Travel makes the world look new, and when the world looks new, our brains work harder.*
Even travel that takes us only a short distance from home.
When I travel with my camera, even just across town or into the woods, I look at everything differently. I focus on small details. I see patterns and contrasts. Mundane items have new appeal. I make connections. I remember.
*Quote from Steal Like an Artist by Austin Kleon. This book was a perfect reminder that creativity is earned and learned. It's a habit. The blogging I used to do was more about unfolding ideas and sharing pieces than a day-to-day account of my life. It was not facebook.
One of Kleon's suggestions is to "give away your secrets." I think that's what I try to do by sharing ideas and pieces. These aren't dirty secrets. They aren't even big secrets. They are small, but still worthwhile.
This fall, beginning to take part in a two-year leadership program, I have already learned a few things about myself:
I've never been afraid to do things on my own, my own way, but not loudly. I usually prefer going unnoticed. But in doing so, I may also limit my chances for new friendships, close connections and shared experiences.
I'm not sure what the solution is, or if there needs to be a solution. Just a few thoughts to save for later.
Sitting on a park bench in Dublin, writing in my journal about the wealth of green in the grass and shrubs and damp trees. "The smells of fall and decay and cold are everywhere I love to come out of variously odd-smelling buildings into the crispness."
Taking a break between museums.
Enjoying a respite between colds.
Probably better rested than in previous days, after buying earplugs to drown out the sounds of Temple Bar glass bottles being sorted at 11 every night and metal kegs rolling down the cobblestone street at 6 every morning.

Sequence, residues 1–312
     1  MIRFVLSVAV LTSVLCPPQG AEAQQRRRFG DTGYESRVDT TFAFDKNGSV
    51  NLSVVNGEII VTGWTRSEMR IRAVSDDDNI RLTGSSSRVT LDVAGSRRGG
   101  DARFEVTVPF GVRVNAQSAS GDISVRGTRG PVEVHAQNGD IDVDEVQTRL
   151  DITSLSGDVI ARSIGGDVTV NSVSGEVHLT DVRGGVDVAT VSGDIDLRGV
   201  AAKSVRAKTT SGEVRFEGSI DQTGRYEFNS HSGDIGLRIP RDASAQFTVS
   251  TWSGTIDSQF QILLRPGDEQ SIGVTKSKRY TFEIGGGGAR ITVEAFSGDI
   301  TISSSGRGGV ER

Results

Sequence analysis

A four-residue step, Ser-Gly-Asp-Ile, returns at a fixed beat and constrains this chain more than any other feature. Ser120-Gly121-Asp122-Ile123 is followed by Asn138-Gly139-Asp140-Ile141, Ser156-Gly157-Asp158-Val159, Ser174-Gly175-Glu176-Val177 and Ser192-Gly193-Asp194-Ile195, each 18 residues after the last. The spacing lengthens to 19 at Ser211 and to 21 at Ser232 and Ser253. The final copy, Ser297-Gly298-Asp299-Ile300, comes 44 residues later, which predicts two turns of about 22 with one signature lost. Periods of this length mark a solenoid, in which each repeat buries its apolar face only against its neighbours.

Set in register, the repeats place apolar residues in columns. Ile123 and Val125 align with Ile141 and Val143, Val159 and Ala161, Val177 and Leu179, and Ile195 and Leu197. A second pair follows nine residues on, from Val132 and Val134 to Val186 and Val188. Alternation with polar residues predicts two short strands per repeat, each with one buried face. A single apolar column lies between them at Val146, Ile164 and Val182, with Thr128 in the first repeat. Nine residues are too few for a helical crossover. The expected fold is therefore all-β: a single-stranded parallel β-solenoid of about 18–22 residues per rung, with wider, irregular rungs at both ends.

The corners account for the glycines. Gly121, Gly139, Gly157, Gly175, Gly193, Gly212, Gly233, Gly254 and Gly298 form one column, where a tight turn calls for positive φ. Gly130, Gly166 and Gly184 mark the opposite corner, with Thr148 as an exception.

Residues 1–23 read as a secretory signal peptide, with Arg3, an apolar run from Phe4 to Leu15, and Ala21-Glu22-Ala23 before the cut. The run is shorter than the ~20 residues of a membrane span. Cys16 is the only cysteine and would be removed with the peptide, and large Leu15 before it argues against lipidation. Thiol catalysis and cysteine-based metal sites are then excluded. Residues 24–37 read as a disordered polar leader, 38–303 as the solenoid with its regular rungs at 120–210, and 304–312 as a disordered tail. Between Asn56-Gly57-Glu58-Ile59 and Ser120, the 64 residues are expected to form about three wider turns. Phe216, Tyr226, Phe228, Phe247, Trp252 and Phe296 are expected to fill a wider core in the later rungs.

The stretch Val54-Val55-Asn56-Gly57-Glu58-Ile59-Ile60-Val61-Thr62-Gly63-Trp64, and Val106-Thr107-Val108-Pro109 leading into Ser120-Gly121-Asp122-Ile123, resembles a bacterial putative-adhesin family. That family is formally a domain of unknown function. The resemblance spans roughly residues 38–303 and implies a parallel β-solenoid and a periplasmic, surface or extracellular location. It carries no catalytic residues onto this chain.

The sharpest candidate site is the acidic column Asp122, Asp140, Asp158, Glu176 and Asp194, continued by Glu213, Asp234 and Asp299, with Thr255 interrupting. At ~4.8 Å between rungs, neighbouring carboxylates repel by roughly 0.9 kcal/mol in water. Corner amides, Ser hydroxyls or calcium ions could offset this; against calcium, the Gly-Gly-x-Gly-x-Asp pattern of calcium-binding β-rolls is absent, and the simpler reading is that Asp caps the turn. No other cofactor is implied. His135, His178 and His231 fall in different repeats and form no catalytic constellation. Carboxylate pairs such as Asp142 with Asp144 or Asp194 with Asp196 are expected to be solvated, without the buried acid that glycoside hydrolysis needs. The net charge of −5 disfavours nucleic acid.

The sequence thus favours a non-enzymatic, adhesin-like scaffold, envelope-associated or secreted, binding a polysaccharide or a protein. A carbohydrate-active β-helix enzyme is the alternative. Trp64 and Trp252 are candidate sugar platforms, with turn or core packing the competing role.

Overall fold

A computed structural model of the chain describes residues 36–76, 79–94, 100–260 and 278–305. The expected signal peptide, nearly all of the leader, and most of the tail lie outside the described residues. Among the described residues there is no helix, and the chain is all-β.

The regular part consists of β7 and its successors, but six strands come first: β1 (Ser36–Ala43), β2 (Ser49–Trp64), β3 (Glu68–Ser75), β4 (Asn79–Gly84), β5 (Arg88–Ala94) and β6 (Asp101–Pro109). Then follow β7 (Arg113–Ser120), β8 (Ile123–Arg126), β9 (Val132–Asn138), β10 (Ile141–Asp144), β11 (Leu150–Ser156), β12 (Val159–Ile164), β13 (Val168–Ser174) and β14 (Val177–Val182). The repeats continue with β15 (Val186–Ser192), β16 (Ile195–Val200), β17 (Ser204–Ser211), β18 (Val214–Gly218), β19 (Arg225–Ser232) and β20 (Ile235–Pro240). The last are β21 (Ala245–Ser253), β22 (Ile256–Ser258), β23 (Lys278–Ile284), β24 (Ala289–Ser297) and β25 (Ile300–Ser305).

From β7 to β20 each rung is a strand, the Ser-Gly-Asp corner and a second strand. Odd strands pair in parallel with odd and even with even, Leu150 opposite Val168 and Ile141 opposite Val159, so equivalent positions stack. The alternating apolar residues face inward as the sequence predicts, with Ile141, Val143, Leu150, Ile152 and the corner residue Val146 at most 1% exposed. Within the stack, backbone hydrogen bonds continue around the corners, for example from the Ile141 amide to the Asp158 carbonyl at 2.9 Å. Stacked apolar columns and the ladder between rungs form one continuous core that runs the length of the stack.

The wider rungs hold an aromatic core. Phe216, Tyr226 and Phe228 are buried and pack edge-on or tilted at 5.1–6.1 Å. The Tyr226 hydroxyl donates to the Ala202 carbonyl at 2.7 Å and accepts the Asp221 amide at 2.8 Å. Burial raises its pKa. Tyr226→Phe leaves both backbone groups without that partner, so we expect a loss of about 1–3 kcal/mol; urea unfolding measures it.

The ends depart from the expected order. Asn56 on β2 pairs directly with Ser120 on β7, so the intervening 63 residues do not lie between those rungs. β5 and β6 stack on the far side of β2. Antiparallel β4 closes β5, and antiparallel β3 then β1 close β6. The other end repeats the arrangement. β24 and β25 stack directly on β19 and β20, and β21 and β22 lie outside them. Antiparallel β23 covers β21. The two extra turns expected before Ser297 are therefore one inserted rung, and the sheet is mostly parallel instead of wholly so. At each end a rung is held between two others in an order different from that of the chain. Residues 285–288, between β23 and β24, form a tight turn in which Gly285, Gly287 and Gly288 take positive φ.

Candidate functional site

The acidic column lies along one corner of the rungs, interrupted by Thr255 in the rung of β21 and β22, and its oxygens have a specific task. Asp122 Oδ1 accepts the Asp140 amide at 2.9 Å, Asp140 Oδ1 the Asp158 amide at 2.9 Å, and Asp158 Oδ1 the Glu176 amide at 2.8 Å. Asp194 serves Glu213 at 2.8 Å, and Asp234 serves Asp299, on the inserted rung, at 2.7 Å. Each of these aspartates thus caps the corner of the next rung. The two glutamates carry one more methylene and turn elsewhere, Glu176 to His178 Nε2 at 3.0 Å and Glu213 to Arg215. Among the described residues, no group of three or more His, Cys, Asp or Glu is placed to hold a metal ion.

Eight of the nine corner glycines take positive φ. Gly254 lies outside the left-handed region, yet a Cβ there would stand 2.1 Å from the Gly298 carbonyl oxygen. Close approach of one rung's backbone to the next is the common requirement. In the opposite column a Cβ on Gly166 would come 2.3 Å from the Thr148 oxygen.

Contemplating the course of our group's travels at that point, north from London along the eastern edge of England, all over Scotland and most recently on a long, rainy three-bus trip from Belfast to Dublin.
Realizing an appreciation for the art of Jack Yeats.
Still high on the wonders of Iona, and yet to encounter the glory of the Aran Islands.
All the unread emails in your personal inbox are from yourself.
You have so many stacks of paper and documents on your desk at work that you can't focus on a single task with any real determination.
You keep adding items to your to-do lists, without crossing off anything.
You're annoyed that a stomach virus keeps you in bed for a day, preventing you from doing your planned weekend chores.
You really, really miss your hot tub, which is currently waiting for a replacement pump.
I love my hair.
I don't have any debt.*
I'm happy with my body.
I am confident in my intelligence and abilities.
*I could write a whole post about how it seems acceptable to bemoan (or almost brag about) the amount of debt one has, while it seems un-American to live within or below one's means. Aside from my new mortgage and small loans from family (quickly paid back), I have never been in debt. I've never had a huge salary, but when I was young I learned to save money and only buy things I could afford.